NOCSAE is teaming up with the CDC to make an effort to get the parents educated in the area of concussions. The CDC has made a great effort with the coaches and health care providers by producing material specific to those areas. Although there has been some material for parents this effort will be focused on the moms and dads;
The National Operating Committee on Standards for Athletic Equipment (NOCSAE) and the Centers for Disease Control and Prevention (CDC) are teaming up to launch “Heads Up to Parents,” a new educational initiative designed specifically to provide parents with the facts about how to protect, prevent and respond to youth and high school athlete concussions. The partnership, made possible by a grant from NOCSAE to the CDC Foundation, builds on the CDC’s successful “Heads Up” initiative featuring free tools for coaches, athletes, parents and healthcare professionals that provide important information on preventing, recognizing and responding to a concussion.
If there is not an athletic trainer or doctor available at practices or games the first person that may notice something is not right will be the parents/care givers of the athlete. Making sure parents are on the same page is a great idea;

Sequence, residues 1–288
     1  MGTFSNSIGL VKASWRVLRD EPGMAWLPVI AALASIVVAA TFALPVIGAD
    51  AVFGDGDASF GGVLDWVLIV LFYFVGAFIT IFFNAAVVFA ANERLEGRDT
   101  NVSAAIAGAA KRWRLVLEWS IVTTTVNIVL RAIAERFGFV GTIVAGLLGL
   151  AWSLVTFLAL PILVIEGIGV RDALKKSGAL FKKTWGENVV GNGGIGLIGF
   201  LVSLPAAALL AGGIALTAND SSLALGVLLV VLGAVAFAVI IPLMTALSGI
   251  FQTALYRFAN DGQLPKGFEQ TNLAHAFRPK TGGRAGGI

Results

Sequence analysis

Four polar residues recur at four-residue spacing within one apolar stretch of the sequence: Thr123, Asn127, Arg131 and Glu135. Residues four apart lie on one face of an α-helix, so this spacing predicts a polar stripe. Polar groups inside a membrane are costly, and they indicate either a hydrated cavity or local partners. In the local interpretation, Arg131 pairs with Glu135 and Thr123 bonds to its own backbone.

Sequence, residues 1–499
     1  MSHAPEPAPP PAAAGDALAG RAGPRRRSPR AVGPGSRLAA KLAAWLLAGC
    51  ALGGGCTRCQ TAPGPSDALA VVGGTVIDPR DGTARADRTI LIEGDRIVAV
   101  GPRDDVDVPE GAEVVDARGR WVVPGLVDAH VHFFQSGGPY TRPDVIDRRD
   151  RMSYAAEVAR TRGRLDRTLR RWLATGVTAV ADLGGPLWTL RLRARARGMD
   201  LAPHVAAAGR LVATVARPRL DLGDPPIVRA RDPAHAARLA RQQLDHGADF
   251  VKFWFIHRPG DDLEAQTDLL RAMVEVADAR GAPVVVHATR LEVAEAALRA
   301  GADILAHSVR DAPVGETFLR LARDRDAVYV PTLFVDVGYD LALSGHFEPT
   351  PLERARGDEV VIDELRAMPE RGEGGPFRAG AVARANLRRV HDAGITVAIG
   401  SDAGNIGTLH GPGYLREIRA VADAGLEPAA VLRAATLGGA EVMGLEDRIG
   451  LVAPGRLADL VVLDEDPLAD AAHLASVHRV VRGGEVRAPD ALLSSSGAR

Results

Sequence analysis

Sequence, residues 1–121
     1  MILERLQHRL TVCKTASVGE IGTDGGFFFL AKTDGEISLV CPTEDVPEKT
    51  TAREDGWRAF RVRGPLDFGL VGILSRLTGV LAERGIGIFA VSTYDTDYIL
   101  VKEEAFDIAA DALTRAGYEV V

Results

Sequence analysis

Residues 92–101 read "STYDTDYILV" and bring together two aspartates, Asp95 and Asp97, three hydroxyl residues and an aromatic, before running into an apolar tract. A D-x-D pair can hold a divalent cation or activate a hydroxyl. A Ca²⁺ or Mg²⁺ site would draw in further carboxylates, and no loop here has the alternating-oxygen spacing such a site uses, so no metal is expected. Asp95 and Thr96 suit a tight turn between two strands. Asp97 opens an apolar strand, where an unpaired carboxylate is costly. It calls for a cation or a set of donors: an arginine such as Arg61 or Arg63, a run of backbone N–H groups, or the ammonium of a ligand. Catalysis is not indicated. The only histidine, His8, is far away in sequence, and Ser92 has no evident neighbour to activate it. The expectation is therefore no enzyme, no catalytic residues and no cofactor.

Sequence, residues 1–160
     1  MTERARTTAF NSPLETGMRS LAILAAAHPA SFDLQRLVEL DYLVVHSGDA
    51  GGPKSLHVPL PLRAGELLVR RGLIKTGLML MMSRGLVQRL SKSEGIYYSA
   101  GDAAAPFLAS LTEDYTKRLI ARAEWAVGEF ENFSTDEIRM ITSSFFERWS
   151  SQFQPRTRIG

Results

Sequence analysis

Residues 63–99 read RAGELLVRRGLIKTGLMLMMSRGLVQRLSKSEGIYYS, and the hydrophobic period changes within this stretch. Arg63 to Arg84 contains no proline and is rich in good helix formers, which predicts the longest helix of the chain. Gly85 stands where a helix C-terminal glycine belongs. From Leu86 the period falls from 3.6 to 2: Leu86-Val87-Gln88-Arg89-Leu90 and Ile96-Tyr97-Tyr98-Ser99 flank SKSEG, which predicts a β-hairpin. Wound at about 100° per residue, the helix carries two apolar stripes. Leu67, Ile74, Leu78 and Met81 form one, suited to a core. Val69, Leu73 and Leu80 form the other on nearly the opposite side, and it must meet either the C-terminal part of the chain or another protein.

“Heads Up to Parents” will take advantage of the growing social media presence of the “Heads Up” initiatives, as well as existing CDC platforms and educational channels. A “Heads Up to Parents” micro website made especially for parents will house educational content, such as videos and downloadable resources.
Educational print materials will be developed to address key issues parents need to know about concussion prevention, recognition and response, as well as helmet safety (such as how to properly fit a helmet) that will be distributed through helmet check programs and activities. The program aims to present parents and athletes with concussion information before the start of the first practice.